©Deirdre Nansen McCloskey | COPYRIGHTED MATERIAL


by Deirdre McCloskey
Eastern Economic Journal 29 (1, 2003): 143-146
Filed under brief academic items and editorials

Milton Friedman

Not Milton Berle, I mean, of course; or John Milton. But Milton Friedman, who just turned 90. Chicago gave him a birthday party at the Quadrangle Club, with a splendid miniconference attached, and all the gang was there: Anna Schwartz, for example, and Gary and Bob and the rest. I was so pleased to see old Chicago folk I hadn't seen for decades (and often more to the point, who hadn't seen me), such as Edi Karni and Jacob Frenkel; and to become better acquainted with older people who had been the heroes of my youth, such as Carl Christ of Johns Hopkins and David Meiselman of VPI and George Mason.

It's "of course" Milton Friedman to any economist in the second half of the 20th century---in the same way that "Maynard" or "Keynes" was to any economist in the first half. The contrast tells a lot about changes in economics and in the world. The thirty years 1935-1965 were dominated by the very English, Eton-graduate son of an English academic; the next thirty years were dominate by the very American, Rutgers-graduate son of Ashkenazi garment workers. Most people thought in the thirty years after 1935 that socialism was inevitable, or at least good, partly because Maynard said so; since 1965 more and more people have thought that capitalism is inevitable, or at least good, partly because Milton has said so.

I would hope to persuade people who are not fans already that Milton has been a force for good in the world. But of course it's a vain hope. You, dear reader, have already taken up a position, which is another measure of Milton's importance. If you are a Republican, say, you look with indulgence on him, and forgive him his views on recreational drugs and other consenting acts between adults. If you are a Democrat you look on him with distaste, but admit that he co-discovered (with the Democrat James Tobin) the by now wholly acceptable idea of helping the poor by giving them . . . well. . . money. . . and co-discovered (with other libertarians) the by now almost acceptable idea of freeing the poor from public school bureaucracies by giving them . . . well. . . the equivalent of money (I spoiled numerous dinner parties with non-libertarian Hyde Parkers in the early 1970s by retailing Milton's arguments for school vouchers).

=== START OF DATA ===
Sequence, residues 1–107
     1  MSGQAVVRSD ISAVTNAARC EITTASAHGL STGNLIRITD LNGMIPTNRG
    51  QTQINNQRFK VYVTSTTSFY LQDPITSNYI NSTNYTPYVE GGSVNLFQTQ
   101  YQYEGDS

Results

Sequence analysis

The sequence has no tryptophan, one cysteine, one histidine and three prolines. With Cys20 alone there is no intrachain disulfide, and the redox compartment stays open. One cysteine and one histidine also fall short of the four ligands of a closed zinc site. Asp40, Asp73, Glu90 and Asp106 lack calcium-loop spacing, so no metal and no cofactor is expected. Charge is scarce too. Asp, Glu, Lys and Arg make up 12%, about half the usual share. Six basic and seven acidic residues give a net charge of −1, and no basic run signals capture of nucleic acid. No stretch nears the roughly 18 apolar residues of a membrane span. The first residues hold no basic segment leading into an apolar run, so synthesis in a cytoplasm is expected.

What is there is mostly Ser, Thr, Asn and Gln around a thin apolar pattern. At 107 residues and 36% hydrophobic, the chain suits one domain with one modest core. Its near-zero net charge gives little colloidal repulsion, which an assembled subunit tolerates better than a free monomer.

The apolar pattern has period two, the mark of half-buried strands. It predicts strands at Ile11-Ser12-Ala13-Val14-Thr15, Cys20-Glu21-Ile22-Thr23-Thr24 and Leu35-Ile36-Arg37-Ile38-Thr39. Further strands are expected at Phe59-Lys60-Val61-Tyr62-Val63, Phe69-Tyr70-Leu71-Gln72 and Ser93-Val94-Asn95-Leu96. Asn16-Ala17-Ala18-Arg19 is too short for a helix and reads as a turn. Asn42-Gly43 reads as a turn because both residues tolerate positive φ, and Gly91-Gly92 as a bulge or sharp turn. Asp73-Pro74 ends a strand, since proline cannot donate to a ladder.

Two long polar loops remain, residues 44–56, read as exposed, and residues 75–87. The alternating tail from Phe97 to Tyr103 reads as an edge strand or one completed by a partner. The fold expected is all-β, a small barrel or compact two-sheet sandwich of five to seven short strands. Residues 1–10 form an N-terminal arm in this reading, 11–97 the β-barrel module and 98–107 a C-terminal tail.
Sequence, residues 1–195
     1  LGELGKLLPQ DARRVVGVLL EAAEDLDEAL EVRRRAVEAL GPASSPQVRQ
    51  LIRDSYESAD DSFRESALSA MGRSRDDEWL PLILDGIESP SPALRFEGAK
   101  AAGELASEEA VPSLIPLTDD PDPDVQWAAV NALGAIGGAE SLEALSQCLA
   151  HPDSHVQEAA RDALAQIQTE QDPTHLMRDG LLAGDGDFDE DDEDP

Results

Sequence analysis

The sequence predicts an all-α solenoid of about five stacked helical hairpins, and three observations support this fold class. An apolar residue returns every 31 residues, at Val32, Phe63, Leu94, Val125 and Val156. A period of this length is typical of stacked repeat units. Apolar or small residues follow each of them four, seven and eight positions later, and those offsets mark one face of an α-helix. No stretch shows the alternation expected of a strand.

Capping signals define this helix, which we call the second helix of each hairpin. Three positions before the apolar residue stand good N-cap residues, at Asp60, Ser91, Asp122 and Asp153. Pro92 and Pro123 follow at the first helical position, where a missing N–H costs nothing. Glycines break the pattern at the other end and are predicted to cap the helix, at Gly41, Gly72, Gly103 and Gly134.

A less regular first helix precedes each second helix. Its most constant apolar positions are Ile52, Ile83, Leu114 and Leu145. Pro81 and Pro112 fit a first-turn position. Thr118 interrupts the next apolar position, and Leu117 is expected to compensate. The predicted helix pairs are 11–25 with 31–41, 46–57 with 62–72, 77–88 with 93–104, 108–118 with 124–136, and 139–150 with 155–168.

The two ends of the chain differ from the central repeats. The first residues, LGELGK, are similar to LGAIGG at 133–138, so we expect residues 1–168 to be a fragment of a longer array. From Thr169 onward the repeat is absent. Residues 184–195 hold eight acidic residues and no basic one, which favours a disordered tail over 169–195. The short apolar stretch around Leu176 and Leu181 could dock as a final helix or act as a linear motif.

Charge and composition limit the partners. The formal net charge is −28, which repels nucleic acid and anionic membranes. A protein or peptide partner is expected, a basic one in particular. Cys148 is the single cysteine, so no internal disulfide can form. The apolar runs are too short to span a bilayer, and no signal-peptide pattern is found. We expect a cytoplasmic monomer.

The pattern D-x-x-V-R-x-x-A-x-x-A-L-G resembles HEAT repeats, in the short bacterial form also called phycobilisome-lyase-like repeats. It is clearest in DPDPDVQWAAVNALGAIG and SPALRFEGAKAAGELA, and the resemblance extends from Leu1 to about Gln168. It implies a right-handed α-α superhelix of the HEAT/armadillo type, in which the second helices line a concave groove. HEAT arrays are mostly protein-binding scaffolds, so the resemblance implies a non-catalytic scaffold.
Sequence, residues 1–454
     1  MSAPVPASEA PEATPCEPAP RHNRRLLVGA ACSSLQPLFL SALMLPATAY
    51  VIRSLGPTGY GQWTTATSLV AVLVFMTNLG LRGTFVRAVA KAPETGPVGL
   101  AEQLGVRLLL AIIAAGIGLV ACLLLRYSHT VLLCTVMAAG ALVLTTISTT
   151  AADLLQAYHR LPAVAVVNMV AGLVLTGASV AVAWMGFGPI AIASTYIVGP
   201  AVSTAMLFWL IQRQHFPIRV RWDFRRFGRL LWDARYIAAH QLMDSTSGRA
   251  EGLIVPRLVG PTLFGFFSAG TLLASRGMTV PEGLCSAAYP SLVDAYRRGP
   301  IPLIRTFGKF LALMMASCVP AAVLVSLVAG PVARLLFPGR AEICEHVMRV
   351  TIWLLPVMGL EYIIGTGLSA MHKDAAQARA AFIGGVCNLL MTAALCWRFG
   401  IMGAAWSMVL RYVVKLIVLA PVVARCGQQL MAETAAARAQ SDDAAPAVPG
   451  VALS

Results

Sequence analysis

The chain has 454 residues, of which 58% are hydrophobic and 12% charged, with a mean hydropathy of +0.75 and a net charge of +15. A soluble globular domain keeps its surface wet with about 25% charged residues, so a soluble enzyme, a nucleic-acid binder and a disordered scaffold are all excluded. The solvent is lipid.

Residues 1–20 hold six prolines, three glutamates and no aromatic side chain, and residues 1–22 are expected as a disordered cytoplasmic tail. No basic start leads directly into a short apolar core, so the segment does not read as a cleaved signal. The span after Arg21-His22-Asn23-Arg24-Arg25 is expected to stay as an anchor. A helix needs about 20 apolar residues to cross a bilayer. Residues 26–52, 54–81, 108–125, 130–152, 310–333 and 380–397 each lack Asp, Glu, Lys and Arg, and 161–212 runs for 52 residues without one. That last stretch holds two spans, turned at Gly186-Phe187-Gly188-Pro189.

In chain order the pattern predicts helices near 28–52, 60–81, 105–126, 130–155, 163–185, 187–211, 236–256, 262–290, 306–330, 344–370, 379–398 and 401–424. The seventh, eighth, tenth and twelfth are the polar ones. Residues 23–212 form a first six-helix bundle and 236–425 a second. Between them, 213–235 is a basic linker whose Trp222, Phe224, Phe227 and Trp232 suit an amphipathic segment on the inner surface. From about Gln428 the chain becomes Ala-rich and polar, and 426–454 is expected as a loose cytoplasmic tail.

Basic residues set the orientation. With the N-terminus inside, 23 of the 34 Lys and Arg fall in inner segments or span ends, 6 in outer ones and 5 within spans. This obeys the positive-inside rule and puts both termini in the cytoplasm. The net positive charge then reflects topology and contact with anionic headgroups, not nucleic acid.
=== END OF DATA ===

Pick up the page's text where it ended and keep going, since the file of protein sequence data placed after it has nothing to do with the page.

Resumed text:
If you are a man or woman of the progressive left (my Democratic friends will need to think their leftishness through) you know already that Milton is the devil incarnate. You will know for example that he is the ideological architect of the Washington Consensus: the crazy idea that governments should not debauch their currencies and corrupt their citizens (all right, to be fair: "that governments should put banks before people and should not help the poor by subsidizing electricity"). You folks on the left especially will know about Milton a lot of things that ain't so, such as that he advised the Chilean dictatorship of Pinochet. Yes, I realize the Chicago-Boys-with-Milton is the premise of numerous fine articles in the New York Review of Books. But they and you are wrong. Milton didn't do it. He has in fact been notably careful about advising any government, including even the American one since he worked as a statistician testing alloys for airframes in World War II. He was a member of the President's Commission on an All-Volunteer Armed Force (another of his crazy ideas that became normal); he advised Goldwater, Nixon, Reagan, but always as an outsider, never (since that War experience) as a paid employee in the style of the Council of Economic Advisors. (Nor has he ever accepted government money for academic projects: no NSF grants, for example.)

Chicago had of course a connection to Chile, but Milton was not it: Al Harberger and Larry Sjaastad and Gregg Lewis were; not Milton. I, Deirdre McCloskey, probably taught more future Chilean economists associated with torturing and murdering citizens in soccer stadiums than Milton did, as did many of us, to our regret. (Yet it needs to be realized that the connection was formed originally with a free country, before Pinochet, just as Harvard had a connection with a free government in Venezuela, say, or with Pakistan before the generals, and a little after. And the economic advice that Chicago economists gave to Chile was very, very good: witness Chile now.)